real food for busy women

posts for Pat: real food for busy women
by Jackie Patti

I am starting a new series on here, inspired my friend Pat who I recently reconnected with on Facebook; thus this series is tagged "posts for Pat". Pat and I hadn't spoken in decades and in catching up, of course, I spent much time ranting about real food, because I am me. I sent links to find local farmer's markets and CSAs, to find local grass-fed meat, to find local raw milk. And when we next spoke and she told me she couldn't do this, I misheard her and answered the wrong question.

Coming from where I've been lately, due to disability and the resultant lack of income, I must stretch the heck out of my food budget in order for us to eat real food. I explained to Pat why it didn't cost more, which really wasn't her issue. Pat is in a different place in life than I am. She lives in the city and works a corporate salaried job, then spends weekends on her farm with her beloved horse Coco. While she's not rich by any means, where she is poor is not finances, but time.

When I realized how I misaddressed her concerns, I also realized I had been there. I've had the deadline that keeps you working 50-60 hours weeks, where all the grocery shopping I could do was hitting a drive-through going to and from work. Where the emergency that happened at 4 PM kept you at work hours past when the salad you brought for lunch was long gone and you could barely WAIT for a pizza or sub to be assembled on your way home. There were way too many days where even THINKING about cooking when I got home was just entirely out of the question.

The thing is women living lives like that are guilty because they feed their families out of boxes too often. Worse than living with that guilt is that the high-stress busy life REQUIRES a nutrient-dense diet to fuel it, to maintain your own health. Eating all that crap destroys health, leaving you susceptible to winding up ill.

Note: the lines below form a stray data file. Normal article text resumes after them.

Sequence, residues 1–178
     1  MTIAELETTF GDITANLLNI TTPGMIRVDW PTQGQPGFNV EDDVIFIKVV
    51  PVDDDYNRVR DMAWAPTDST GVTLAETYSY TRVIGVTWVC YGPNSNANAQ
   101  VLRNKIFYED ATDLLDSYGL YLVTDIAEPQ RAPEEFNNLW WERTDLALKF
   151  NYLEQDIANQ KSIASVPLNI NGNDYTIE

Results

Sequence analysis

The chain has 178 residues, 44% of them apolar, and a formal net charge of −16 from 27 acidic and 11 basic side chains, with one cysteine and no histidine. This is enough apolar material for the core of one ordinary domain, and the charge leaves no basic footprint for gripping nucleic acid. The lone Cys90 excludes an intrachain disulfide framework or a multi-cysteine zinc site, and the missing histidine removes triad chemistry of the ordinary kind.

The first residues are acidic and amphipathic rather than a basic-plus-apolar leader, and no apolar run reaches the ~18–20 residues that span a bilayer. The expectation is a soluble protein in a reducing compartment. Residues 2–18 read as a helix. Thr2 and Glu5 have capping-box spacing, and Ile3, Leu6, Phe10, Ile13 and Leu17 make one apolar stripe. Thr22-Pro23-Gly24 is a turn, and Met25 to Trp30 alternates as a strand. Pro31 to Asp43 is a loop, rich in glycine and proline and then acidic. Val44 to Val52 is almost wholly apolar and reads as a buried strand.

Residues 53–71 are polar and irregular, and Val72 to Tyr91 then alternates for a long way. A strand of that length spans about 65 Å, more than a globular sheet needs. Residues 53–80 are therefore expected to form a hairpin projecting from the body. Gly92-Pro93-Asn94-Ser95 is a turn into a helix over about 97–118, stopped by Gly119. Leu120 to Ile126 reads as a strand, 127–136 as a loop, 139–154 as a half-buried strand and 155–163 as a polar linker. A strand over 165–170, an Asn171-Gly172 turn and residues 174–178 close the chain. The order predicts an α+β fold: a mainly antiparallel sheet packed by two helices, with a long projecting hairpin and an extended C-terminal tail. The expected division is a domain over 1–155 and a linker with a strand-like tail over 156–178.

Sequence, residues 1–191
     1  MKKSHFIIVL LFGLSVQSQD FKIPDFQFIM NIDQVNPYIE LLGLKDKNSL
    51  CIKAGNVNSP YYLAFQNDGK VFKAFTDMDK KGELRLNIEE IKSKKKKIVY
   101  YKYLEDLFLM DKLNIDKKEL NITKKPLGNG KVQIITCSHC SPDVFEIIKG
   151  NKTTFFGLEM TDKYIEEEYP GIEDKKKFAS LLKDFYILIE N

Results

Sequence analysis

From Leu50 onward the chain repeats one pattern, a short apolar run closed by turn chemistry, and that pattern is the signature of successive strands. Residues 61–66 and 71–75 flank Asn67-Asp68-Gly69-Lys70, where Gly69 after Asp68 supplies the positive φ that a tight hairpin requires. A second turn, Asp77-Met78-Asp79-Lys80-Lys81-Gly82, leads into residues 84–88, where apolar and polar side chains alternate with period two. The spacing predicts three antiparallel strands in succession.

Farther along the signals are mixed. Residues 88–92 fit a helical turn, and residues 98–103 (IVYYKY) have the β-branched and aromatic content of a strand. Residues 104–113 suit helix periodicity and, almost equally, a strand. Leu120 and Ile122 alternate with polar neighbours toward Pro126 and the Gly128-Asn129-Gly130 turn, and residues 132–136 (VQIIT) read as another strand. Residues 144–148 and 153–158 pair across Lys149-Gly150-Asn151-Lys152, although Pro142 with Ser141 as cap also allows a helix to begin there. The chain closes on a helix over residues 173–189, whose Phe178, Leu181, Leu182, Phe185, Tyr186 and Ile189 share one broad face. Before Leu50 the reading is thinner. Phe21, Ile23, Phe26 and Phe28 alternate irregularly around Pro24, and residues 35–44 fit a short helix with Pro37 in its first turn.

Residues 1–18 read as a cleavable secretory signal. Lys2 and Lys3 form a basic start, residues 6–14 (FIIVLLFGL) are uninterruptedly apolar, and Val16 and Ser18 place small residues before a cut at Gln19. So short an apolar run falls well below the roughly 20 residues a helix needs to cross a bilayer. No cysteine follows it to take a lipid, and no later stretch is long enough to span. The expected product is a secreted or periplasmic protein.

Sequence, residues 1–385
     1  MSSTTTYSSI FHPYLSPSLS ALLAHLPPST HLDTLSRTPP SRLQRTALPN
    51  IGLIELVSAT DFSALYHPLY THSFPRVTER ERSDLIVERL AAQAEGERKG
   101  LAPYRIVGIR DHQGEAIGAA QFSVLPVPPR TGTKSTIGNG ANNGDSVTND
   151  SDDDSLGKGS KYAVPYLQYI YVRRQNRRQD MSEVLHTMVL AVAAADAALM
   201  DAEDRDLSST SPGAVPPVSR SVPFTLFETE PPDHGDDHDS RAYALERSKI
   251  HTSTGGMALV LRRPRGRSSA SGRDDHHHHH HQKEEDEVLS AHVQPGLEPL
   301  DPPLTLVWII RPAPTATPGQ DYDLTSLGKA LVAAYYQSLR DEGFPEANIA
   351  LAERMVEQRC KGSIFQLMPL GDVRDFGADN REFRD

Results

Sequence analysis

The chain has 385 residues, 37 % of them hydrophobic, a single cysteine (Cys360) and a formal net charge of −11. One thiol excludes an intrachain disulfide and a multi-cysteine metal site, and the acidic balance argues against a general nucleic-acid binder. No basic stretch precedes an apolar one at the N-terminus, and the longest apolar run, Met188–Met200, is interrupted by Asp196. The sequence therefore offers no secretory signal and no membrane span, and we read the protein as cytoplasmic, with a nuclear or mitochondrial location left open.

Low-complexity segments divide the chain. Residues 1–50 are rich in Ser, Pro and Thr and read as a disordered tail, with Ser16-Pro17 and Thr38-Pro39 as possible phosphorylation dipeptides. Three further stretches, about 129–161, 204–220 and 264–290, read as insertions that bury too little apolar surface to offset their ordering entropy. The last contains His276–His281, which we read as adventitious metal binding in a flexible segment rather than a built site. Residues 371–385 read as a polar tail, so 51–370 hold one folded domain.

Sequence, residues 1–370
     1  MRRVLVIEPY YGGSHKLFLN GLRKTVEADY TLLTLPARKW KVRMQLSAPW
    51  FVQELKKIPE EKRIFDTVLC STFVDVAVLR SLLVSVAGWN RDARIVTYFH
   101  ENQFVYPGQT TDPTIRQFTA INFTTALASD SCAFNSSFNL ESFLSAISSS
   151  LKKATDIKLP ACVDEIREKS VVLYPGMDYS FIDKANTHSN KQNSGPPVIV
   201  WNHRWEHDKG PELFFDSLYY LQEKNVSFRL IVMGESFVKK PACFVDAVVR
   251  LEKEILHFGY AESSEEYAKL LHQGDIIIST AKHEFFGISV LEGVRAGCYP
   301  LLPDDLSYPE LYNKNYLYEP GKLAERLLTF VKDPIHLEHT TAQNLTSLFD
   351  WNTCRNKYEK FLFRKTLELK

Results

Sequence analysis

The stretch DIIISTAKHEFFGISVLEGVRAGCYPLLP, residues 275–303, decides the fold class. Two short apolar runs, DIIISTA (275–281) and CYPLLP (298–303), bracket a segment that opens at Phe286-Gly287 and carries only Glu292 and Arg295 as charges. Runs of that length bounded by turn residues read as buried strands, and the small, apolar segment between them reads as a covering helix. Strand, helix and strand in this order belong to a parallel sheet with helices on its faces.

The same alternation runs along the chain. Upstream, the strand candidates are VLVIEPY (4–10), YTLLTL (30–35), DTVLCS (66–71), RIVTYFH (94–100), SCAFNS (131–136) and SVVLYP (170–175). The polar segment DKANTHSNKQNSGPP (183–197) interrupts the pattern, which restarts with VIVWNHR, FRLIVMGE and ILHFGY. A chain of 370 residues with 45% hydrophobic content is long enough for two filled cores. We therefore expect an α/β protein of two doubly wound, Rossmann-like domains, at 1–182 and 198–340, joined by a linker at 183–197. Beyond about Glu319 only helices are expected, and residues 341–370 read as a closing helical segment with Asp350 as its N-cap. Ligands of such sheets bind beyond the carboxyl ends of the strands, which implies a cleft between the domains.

This new series is about what one can do with EXTREMELY limited time to improve your own nutrition and better provide for your family even when life has little time for the kitchen.

menu planning with Winter Soups

Winter Soups ecookbook
by Jackie Patti

So we have already covered the summary... 50+ soups, including both vegetarian and paleo soups, more than half dairy-free, more than half GAPS-friendly, just soups galore!

But I wanted to get into a bit more detail today about what is actually included in this gorgeous cookbook...

menu planning

Personally, I do my grocery shopping monthly, as I have a milkman who delivers weekly so I can avoid the store. Since every trip to the store seems to involve buying a certain amount of junk, going monthly means both limiting crappy food and saving our budget.

This time of year, we do soup at least twice weekly for dinner, with enough leftovers for the following day's lunch. So prior to my next shopping trip, I need to pick 8 soups.

Easier said than done with this overabundance of riches...

growing lettuce in winter

growing lettuce in winter
by Jackie Patti

If you're a gardener and your seed-starting setup has room, there's no reason not to grow your own lettuce through winter. The photo shows a crop at about 4 weeks in.

Where I live now, I have very deep windowsills cause my walls are thick stone, so I have a real seed-starting station with lights in my living room.

But where I lived previously, I started seeds on a windowsill and that was just fine. Wherever you have some room is fine, as long as there is enough light.

announcing Winter Soups

Community Cookbooks
by Jackie Patti

As a new blogger, I just completly lucked into falling into this awesome group of bloggers on Facebook who have been unbelievably generous.

One of the first projects I joined was Community Cookbooks, based on the story of Stone Soup, a childhood folk tale illustrating the value of cooperation amidst scarcity.

If you're unfamiliar with Stone Soup, the Wikipedia version goes: